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Church to send water masks and satellite phones to Tonga

According to the reports, the church is organizing an air cargo shipment of essential materials to Tonga as soon as conditions at the airport in Tonga allow. This includes drinking water and masks for protection from volcanic ash.

Related: Church Response to damage after Tonga volcano eruption

It will also include additional satellite phones for use by church leaders and government officials to expand communication to and from Tonga. The shipments will go as soon as conditions at the airport in Tonga permit.

The church continues to gather information about the status of its missionaries and members in Tonga. All missionaries and members on the main island of Tongatapu have been accounted for and reports continue to come in from the outer islands.

So far, all have been confirmed safe but there are still some islands that have not been reached. Two Tongan government vessels have been visiting these areas and are bringing food and water. Their progress has been hampered by damage to landing facilities in many places. It is hoped they can reach the most distant areas by tomorrow.

As of Jan. 19, all missionaries and members on the main island of Tonga, Tongatapu, have been accounted for but reports continue to come in from the outer islands where communication has not yet been reestablished.

No Latter-day Saint buildings have been structurally damaged, although they will require extensive cleaning from the ash that has blanketed the islands, including the capital, Nuku’alofa.

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Pacific Newsroom reported on Jan. 18 that the Tonga Outer Islands Mission President Sitiveni Fehoko would travel on a naval vessel to check on missionaries. Thus far, all contacted have been confirmed safe but there are still some islands that have not been reached.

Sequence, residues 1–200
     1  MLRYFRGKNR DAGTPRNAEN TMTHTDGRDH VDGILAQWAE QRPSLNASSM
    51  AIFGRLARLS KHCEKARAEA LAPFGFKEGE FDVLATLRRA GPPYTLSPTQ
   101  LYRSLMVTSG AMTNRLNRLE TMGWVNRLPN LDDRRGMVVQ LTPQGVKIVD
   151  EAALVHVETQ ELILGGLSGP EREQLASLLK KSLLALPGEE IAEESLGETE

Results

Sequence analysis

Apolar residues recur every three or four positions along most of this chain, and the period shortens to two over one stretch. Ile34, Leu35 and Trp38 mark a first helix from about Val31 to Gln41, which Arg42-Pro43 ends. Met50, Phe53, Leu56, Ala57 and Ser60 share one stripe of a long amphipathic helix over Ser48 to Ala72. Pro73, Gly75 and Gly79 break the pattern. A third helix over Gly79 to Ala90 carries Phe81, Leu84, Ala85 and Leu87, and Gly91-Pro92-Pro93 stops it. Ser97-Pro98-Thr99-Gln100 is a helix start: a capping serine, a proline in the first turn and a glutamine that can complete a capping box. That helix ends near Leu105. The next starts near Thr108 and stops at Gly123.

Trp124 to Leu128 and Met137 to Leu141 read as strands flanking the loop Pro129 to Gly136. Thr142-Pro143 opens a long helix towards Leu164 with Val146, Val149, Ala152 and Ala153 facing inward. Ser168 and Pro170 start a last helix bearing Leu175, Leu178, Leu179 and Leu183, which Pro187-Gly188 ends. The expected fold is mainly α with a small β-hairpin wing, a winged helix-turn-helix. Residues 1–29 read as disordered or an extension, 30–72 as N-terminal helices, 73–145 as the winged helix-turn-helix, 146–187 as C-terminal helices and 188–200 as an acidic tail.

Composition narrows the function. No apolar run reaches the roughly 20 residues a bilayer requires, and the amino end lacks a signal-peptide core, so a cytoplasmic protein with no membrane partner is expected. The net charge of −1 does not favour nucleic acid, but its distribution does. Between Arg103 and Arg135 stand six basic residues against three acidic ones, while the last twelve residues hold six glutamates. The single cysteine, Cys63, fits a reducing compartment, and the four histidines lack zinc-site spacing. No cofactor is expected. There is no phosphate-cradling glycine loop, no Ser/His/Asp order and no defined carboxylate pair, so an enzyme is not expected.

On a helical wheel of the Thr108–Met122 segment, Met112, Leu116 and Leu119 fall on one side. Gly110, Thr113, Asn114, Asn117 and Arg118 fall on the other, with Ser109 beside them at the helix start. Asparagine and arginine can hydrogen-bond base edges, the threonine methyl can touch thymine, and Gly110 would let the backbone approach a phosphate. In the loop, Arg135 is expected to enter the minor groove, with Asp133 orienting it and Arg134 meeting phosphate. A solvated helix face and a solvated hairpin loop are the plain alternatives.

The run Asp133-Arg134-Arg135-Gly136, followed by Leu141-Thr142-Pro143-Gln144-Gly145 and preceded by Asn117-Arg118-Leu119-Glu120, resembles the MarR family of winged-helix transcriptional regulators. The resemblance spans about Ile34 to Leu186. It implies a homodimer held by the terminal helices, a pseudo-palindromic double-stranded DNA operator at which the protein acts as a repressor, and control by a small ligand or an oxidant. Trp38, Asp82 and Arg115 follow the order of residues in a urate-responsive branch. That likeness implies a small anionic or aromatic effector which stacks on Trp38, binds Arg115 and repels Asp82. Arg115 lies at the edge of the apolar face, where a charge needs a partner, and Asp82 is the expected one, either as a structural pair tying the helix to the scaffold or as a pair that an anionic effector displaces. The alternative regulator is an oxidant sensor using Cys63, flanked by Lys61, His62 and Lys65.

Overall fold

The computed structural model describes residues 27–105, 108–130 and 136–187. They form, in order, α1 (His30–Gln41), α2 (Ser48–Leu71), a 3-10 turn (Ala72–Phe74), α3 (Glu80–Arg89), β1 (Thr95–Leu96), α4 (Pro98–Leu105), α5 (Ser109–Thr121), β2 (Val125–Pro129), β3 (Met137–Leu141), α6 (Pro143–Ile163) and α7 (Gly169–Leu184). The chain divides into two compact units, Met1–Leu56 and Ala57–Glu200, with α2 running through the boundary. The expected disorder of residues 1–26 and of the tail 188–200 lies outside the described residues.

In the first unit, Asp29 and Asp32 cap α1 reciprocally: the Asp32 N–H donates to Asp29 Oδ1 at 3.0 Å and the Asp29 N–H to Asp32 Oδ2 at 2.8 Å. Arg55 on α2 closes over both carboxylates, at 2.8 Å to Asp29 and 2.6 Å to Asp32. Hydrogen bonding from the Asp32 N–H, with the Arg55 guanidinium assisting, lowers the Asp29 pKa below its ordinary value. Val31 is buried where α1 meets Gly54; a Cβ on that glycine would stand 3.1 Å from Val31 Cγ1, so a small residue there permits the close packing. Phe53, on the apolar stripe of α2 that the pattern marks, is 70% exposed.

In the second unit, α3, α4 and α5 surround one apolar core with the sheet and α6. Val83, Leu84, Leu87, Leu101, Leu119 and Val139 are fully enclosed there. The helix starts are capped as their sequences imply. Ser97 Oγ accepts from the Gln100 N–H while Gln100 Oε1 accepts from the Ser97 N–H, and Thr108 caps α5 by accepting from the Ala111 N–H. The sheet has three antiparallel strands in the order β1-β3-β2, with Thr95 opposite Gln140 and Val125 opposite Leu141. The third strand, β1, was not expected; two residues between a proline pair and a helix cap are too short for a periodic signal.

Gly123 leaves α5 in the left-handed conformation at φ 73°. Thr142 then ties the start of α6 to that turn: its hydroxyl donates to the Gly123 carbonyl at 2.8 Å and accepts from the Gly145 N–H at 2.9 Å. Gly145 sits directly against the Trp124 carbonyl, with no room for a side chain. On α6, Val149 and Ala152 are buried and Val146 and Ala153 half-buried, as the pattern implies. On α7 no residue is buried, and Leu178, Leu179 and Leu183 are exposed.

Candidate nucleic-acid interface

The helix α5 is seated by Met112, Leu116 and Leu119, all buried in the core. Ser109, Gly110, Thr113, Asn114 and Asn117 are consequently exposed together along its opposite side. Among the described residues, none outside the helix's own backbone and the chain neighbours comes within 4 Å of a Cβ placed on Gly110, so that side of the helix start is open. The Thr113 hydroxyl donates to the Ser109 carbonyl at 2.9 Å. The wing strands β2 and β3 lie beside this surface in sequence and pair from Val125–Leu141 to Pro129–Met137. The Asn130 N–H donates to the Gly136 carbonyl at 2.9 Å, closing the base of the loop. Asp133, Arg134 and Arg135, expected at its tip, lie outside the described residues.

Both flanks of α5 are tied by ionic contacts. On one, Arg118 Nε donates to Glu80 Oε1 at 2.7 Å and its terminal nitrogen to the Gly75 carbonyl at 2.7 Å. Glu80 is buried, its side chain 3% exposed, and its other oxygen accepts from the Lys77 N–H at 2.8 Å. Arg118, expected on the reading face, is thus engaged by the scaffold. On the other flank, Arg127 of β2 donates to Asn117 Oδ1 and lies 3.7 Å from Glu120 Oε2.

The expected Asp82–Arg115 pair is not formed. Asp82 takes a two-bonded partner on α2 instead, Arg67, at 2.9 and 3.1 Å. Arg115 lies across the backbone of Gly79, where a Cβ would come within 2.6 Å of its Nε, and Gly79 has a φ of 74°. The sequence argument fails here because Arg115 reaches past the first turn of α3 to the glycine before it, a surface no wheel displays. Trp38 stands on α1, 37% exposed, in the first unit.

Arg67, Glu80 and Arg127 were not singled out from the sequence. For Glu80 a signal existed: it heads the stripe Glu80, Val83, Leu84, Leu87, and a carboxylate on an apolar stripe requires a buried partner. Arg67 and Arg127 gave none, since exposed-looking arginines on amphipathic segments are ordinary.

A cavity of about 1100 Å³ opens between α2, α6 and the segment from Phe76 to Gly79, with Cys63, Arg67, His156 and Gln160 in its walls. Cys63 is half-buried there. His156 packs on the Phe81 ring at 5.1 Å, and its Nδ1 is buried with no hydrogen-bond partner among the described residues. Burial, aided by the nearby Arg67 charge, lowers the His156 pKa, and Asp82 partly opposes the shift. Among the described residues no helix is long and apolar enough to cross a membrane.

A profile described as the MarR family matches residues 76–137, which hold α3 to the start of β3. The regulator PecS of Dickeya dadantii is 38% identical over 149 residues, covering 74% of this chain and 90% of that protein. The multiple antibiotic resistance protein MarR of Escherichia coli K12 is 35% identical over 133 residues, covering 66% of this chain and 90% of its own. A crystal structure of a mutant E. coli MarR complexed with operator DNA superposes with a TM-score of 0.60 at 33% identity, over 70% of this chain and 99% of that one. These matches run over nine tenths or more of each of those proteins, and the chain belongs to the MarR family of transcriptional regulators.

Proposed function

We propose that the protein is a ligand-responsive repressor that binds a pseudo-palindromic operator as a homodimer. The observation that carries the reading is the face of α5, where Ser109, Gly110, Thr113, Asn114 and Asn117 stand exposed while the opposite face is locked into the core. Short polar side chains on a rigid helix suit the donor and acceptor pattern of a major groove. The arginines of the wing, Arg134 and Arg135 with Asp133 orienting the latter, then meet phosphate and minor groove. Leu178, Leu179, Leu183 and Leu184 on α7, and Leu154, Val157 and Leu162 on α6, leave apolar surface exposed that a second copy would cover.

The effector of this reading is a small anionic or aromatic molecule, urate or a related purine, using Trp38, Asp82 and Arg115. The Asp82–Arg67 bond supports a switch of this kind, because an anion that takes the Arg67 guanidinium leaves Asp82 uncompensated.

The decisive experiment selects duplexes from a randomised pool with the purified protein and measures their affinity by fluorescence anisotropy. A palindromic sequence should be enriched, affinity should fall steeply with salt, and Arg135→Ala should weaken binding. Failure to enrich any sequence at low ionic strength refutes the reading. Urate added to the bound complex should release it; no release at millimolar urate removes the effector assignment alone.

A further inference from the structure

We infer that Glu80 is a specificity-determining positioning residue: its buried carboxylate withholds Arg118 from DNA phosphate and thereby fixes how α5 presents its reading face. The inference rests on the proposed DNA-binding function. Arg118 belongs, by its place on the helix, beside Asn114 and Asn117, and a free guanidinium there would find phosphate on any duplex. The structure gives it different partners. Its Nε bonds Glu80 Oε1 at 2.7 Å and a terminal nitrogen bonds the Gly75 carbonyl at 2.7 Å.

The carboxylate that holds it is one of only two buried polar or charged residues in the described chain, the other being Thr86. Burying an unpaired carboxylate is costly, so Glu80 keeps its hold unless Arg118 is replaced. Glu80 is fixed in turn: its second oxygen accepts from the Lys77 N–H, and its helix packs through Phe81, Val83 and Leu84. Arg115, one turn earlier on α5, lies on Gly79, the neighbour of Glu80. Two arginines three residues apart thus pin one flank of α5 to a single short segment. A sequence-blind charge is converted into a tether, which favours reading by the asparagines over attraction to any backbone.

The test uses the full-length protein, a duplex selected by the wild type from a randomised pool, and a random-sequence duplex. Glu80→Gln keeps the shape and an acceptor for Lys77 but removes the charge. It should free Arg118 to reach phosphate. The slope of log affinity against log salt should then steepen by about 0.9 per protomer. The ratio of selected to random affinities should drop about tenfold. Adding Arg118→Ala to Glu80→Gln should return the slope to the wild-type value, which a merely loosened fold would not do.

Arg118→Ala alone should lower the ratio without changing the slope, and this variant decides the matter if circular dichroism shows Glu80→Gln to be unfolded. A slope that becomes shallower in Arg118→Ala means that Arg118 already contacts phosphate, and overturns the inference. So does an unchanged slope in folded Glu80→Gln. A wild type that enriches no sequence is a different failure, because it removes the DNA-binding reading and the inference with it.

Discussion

Tongan Latter-day Saint leaders continue to evaluate individual and family needs and organize accommodation, food, water and other support.

The Church-owned Liahona High School campus as well as several Latter-day Saint meetinghouses and the Church’s campsite have served as a shelter for hundreds. Missionaries on Tongatapu are engaged in the clean-up efforts.

Church services Sunday, Jan. 23, will be home-based, and Latter-day Saints will be invited to fast and pray, to give thanks for the many lives that have been preserved, and to plea for a return to normality.

Elder Ardern said: “We are praying earnestly for our brothers and sisters in Tonga, and for their loved ones across the world who are waiting for news. We are working with government and other officials in the region to identify urgent needs and how we can support efforts to alleviate suffering and help communities get back on their feet after this disaster. It is in times such as these that we are grateful for the generosity of members of the Church who donate to the Church humanitarian fund, for there will be a need of temporal assistance in Tonga.”

The Church has roughly 60,000 members in 174 congregations in Tonga. A temple is located in Nuku’alofa with a second temple under construction on the island of Vava’u.

Members looking to donate to help efforts in Tonga can contribute to the Church’s Humanitarian Aid Fund.

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